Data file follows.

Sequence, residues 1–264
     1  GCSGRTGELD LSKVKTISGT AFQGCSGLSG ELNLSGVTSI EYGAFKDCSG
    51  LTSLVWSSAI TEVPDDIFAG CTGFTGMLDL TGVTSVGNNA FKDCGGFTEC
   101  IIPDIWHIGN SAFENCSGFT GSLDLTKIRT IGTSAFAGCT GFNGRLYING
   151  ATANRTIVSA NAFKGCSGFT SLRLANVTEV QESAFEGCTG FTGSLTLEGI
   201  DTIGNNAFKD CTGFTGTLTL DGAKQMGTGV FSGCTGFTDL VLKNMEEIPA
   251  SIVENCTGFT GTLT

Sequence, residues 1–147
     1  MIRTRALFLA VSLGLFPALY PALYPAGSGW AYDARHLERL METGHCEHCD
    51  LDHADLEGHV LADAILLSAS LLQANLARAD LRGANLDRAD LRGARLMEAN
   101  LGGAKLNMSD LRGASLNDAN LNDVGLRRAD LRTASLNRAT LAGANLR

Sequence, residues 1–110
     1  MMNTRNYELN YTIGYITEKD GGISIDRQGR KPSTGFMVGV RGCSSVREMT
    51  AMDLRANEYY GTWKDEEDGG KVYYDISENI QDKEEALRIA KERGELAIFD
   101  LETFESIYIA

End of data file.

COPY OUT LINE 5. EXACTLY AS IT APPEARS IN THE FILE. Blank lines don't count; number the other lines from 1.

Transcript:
   151  ATANRTIVSA NAFKGCSGFT SLRLANVTEV QESAFEGCTG FTGSLTLEGI